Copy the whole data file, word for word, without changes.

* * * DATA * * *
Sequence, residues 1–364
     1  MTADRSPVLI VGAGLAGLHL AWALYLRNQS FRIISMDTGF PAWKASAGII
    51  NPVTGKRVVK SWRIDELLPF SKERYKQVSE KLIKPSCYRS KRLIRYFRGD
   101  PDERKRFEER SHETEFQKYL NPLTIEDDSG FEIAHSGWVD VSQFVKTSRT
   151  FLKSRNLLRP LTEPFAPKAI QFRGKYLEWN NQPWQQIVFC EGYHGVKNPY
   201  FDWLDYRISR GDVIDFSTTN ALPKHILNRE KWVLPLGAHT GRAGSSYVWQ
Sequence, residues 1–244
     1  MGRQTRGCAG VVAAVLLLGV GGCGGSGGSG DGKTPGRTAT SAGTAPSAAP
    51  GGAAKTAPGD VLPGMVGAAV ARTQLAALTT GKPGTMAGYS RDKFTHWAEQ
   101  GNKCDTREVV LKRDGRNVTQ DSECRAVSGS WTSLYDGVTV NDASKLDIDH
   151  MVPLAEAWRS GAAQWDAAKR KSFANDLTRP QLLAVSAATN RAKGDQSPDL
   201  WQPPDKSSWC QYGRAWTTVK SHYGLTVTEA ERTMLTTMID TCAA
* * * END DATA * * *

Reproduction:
Sequence, residues 1–364
     1  MTADRSPVLI VGAGLAGLHL AWALYLRNQS FRIISMDTGF PAWKASAGII
    51  NPVTGKRVVK SWRIDELLPF SKERYKQVSE KLIKPSCYRS KRLIRYFRGD
   101  PDERKRFEER SHETEFQKYL NPLTIEDDSG FEIAHSGWVD VSQFVKTSRT
   151  FLKSRNLLRP LTEPFAPKAI QFRGKYLEWN NQPWQQIVFC EGYHGVKNPY
   201  FDWLDYRISR GDVIDFSTTN ALPKHILNRE KWVLPLGAHT GRAGSSYVWQ
Sequence, residues 1–244
     1  MGRQTRGCAG VVAAVLLLGV GGCGGSGGSG DGKTPGRTAT SAGTAPSAAP
    51  GGAAKTAPGD VLPGMVGAAV ARTQLAALTT GKPGTMAGYS RDKFTHWAEQ
   101  GNKCDTREVV LKRDGRNVTQ DSECRAVSGS WTSLYDGVTV NDASKLDIDH
   151  MVPLAEAWRS GAAQWDAAKR KSFANDLTRP QLLAVSAATN RAKGDQSPDL
   201  WQPPDKSSWC QYGRAWTTVK SHYGLTVTEA ERTMLTTMID TCAA